US House panel asks if FCC “rushed” LightSquared approval: report

A US House panel is investigating whether the country’s telecoms regulator rushed through its approval of LightSquared’s application to operate a wireless network in early 2011, according to a report from Dow Jones Newswires.

LightSquared (Reston, USA) was subsequently stopped from providing services owing to concerns that its technology interferes with GPS signals transmitted by the airline industry, among others.

The company filed for Chapter 11 bankruptcy protection in May and is fast running out of cash while its network goes unused.

A US House panel is investigating whether the country’s telecoms regulator rushed through its approval of LightSquared’s application to operate a wireless network in early 2011, according to a report from Dow Jones Newswires.

LightSquared (Reston, USA) was subsequently stopped from providing services owing to concerns that its technology interferes with GPS signals transmitted by the airline industry, among others.

The company filed for Chapter 11 bankruptcy protection in May and is fast running out of cash while its network goes unused.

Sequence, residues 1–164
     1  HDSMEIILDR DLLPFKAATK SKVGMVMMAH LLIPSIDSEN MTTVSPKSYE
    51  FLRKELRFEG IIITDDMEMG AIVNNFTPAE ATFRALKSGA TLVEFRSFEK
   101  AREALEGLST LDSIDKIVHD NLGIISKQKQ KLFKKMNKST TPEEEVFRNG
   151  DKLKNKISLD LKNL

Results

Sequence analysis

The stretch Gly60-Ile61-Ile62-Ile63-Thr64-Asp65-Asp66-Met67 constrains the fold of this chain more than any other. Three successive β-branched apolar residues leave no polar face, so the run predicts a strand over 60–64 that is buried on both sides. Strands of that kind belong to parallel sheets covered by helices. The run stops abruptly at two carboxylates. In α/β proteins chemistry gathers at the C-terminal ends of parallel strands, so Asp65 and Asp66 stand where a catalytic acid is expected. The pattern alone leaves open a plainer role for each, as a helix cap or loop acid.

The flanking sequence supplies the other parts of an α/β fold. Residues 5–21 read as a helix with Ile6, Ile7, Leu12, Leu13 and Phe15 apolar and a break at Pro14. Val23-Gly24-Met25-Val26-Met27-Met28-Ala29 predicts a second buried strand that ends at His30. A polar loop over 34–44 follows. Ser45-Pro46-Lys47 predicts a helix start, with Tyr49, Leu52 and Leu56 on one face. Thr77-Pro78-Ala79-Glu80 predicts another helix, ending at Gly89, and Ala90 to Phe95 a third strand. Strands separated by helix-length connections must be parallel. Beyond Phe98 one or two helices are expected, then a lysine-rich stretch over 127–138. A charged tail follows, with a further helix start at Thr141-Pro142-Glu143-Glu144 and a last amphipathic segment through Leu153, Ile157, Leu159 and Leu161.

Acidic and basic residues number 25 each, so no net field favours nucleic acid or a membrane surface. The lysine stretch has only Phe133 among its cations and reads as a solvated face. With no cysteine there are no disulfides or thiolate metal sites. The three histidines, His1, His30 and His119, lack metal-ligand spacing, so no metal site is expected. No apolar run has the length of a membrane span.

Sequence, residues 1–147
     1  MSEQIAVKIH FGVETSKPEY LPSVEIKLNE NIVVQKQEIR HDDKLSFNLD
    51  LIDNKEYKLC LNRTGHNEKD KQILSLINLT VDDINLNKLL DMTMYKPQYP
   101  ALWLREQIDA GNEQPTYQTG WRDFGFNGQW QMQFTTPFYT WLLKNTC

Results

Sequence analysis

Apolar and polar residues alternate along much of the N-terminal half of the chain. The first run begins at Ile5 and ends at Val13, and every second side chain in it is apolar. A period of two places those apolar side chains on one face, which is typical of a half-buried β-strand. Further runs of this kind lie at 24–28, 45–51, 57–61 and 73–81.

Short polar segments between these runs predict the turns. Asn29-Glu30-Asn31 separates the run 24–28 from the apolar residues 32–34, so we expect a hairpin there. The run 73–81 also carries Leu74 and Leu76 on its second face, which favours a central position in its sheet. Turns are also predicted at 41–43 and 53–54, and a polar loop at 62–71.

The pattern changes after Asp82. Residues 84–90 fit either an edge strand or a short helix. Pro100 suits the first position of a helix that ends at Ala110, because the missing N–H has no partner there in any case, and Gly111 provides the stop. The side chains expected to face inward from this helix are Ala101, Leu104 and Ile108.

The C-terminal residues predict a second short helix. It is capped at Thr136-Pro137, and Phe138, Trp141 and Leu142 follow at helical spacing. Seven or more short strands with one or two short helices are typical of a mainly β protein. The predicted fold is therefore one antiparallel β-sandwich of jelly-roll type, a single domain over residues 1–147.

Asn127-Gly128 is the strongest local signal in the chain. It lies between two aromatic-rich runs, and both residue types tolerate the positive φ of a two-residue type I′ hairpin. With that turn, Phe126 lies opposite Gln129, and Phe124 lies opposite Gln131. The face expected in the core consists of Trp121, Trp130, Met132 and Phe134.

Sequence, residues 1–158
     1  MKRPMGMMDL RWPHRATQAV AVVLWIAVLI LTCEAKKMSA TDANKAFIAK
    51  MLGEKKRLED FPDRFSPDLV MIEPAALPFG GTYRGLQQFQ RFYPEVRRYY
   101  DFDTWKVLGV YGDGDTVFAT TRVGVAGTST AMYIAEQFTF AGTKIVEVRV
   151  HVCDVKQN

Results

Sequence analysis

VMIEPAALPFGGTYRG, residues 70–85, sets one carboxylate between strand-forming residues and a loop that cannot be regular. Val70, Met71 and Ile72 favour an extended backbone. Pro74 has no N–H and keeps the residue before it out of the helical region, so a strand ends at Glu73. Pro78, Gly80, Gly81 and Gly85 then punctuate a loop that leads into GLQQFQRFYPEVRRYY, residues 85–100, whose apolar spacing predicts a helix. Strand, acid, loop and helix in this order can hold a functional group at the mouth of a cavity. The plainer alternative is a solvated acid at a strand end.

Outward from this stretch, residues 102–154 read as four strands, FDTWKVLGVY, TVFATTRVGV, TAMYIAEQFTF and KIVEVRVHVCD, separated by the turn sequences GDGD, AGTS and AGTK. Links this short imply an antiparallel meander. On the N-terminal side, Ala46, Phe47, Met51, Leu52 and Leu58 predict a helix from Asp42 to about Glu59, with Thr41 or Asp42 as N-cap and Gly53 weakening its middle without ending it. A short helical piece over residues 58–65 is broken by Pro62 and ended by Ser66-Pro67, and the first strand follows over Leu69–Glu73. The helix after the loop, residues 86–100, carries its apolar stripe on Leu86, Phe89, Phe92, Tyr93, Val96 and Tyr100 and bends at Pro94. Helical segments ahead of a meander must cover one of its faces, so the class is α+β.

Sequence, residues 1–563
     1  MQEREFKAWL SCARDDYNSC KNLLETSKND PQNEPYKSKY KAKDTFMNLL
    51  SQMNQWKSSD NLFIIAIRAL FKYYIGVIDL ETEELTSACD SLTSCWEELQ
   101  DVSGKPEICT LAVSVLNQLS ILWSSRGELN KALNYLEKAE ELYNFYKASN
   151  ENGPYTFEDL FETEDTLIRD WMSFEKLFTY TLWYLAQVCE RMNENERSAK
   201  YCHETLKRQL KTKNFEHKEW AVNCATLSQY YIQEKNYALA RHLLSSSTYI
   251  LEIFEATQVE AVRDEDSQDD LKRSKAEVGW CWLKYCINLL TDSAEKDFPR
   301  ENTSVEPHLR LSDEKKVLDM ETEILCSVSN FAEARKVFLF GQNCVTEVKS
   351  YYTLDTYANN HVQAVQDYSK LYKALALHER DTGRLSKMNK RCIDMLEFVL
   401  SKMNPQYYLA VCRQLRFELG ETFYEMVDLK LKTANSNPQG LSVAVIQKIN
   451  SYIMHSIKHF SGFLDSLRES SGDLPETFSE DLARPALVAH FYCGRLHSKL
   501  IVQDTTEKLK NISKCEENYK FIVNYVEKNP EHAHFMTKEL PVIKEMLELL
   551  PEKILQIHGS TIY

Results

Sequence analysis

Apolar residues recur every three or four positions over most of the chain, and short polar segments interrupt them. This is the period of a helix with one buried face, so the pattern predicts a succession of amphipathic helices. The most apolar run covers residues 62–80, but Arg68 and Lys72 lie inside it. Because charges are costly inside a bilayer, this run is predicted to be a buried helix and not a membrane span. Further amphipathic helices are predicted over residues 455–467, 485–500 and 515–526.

On Friday last week, the US House Subcommittee on Oversight and Investigations questioned a representative of the Federal Communications Commission on the matter.

According to Dow Jones, panel chairman Cliff Stearns asked the FCC’s Mindel de la Torre if it is the regulator’s job to maintain “the rules of the road”, having drawn a comparison between GPS interference and a car crossing a lane of traffic.

The FCC revoked LightSquared’s concession in February, shortly after Congress had approved the licensing of more airwaves for use with wireless technologies.

Its decision to suspend the license followed the publication of a report by the National Telecommunications and Information Administration, which determined that LightSquared’s network might interfere with GPS systems.

LightSquared’s original aim was to provide wireless services based on 4G technology to around 260 million Americans by 2015.

The company is owned by Harbinger Capital Partners (New York, USA), a private-equity group run by Phil Falcone, who has been attacked by various lenders for not trying to sell LightSquared since its problems began.

Falcone is also being sued by the Securities and Exchange Commission for numerous violations, including misappropriating client money and manipulating bond prices.